A exiled Tibetan Lama becomes an uncomfortable house guest for a Yale economics professor, who, along with his cynical colleagues, do not quite know what to think of the often irreverent monk. As the Lama turns his attention to the economist, the professor confesses some painful truths regarding mis-understood ideas and unresolved relationships. En route the Lama takes us on a sometimes humorous, sometimes poignant journey through what the tragedy of Tibet means in a modern context. With the turmoil in Tibet making recent headlines, Tibet Does Not Exist takes on special meaning.

 About the Company: Nicu's Spoon, Inc.

NICU’S SPOON: 2001 was our first season with our production of Displaced, a new play written by five women, based on stories, testimonies, songs and poetry of women and children refugees. This was submitted for the 2001 Pulitzer Prize. In 2002 we presented a multi-racial To Kill a Mockingbird, hailed by Back Stage as “Nothing short of inspiring!” We completed our 2002 season with In Perpetuity Throughout the Universe, a story of a woman who is a ghostwriter for hate books. This piece was chosen as a Village Voice “Voice Choice” for 2002. We presented our first plays with American Sign Language (ASL) interpretation that year. In 2003 we presented George Orwell’s 1984 and A Murder of Crows by OBIE Award w inner Mac Wellman, both pieces about individuality. We continued to include handicapped actors in both shows. In 2004 we presented SubUrbia by Eric Bogosian and were awarded th e 2004 OOBR award for best production. We were also a nominee for the Alliance of NY Arts Organizations’ Advancing Cultural Development Award. In 2005 we were profiled in United Stages’ “Seeing Stars” series and were Editors Choice in for our production of The Swan, as well as profiled for our production Stumps, which introduced a new kind of performance for Deaf and hearing audiences, called “co-playing.” 2006 produced a hit: the US premiere of Skin Tight, named the High5 pick of the week, as well as Buried Child, which challenged the idea that a Deaf/mute actor could not speak on stage. We were also given the Thom Fluellen Award by the NYU Community Fund in 2006 for excellence in programming and delivery of services to the diverse New York community. Time Warner Corporation has recently joined us as a 2007 season sponsor under their Diverse Voices program. In 2008 we have been awarded the NYC/Mayors office Snapple award for the best people to work for in NYC, as well as taking our Spring show 'Elizabeth Rex' to an Off-Broadway Premiere, garnering two NY Innovative Theater Award nominations and a win for Outstanding Actress in a lead role.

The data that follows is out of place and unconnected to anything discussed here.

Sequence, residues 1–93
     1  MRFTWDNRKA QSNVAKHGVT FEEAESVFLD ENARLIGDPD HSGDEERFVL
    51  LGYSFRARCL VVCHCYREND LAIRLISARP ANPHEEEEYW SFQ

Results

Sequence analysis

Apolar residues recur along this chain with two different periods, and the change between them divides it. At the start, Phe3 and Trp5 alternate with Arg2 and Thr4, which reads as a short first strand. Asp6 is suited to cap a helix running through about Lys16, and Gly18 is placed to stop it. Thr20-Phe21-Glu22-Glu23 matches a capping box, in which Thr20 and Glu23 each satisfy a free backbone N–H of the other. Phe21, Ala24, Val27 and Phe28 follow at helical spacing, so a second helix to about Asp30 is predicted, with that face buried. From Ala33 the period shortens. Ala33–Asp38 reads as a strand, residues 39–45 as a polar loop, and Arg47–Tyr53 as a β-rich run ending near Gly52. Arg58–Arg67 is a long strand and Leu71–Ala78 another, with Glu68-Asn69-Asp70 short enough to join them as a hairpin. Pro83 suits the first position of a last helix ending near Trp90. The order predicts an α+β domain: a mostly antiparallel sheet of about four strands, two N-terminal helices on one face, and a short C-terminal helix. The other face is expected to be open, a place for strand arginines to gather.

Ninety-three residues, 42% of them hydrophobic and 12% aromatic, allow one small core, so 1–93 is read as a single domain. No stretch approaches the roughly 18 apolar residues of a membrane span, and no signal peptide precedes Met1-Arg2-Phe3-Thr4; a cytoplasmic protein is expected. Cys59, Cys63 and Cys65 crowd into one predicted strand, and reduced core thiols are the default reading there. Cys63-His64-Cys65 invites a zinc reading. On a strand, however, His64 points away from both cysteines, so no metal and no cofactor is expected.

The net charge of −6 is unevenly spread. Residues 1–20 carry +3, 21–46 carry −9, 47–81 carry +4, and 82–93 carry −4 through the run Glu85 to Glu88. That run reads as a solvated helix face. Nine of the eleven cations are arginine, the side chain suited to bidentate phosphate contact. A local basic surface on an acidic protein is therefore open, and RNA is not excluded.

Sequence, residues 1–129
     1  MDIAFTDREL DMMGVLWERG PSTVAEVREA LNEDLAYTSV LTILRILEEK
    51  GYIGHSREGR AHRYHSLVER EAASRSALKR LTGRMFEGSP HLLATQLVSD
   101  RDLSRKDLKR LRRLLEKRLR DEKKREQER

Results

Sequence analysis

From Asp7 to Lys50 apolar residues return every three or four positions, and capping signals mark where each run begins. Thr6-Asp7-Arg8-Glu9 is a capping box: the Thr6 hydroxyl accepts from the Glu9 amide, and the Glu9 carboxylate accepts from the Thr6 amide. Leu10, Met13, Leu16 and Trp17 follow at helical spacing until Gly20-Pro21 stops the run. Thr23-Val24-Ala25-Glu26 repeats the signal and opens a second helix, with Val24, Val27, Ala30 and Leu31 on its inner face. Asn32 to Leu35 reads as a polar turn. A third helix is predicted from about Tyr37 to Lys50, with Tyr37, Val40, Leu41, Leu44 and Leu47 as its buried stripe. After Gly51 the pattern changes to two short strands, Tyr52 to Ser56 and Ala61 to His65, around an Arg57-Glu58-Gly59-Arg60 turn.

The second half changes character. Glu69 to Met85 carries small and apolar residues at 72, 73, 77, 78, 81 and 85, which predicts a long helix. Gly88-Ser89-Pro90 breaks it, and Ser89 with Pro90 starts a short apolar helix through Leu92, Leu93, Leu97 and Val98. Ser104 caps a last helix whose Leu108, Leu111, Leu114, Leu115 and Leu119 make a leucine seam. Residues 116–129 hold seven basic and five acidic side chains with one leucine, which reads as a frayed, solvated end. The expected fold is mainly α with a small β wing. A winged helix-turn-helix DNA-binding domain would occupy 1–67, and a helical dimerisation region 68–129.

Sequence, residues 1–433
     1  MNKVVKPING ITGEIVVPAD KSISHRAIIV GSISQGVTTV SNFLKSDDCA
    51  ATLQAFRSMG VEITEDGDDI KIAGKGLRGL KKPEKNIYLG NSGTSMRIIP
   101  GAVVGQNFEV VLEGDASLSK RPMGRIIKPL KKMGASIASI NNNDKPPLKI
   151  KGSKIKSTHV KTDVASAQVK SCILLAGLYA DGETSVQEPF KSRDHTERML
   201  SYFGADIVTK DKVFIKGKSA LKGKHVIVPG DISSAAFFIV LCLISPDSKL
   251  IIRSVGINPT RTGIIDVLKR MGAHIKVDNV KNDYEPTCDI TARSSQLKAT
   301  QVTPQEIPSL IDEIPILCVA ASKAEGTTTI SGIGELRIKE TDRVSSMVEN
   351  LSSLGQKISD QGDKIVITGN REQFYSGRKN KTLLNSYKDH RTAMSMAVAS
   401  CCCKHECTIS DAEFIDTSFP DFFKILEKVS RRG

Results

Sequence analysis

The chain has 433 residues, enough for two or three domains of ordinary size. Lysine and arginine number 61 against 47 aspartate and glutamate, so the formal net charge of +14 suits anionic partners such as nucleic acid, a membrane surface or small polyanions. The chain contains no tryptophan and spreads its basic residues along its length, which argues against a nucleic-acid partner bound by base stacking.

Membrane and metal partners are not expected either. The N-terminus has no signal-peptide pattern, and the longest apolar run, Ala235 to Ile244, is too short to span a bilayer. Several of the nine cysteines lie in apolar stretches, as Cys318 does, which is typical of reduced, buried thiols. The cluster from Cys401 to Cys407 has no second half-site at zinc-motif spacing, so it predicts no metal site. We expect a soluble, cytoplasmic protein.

Company: Nicu's Spoon, Inc.         Official Web Site:
OOBR winner, NYITA Winner, Thom Fluellen Award Winner
'Changing the world, one play at a time'

Artists to Outnumber Olympic Athletes in Beijing

Artists to Outnumber Athletes in Beijing
ARTINFO, 8/6/2008
"For every athlete competing in the Olympic games in Beijing, there will be two artists performing or showing work, reports Bloomberg. According to the Chinese Ministry of Culture, the country has invited some 20,000 artists from more than 80 countries to put on 300 shows as part of the international spectacle. "

China – US Cultural Exchange 2007-2009

Chinese culture thrives in U.S.
People's Daily Online (China), 3/21/2008

"The governments of China and the United States have renewed an Accord for the Implementation of Cultural Exchange for the period of 2007 to 2009. The cultural accord recommits both governments to facilitate cultural, educational and artistic exchanges. The task of translating and publishing each others' literary and art work has been listed as a new item in the pact."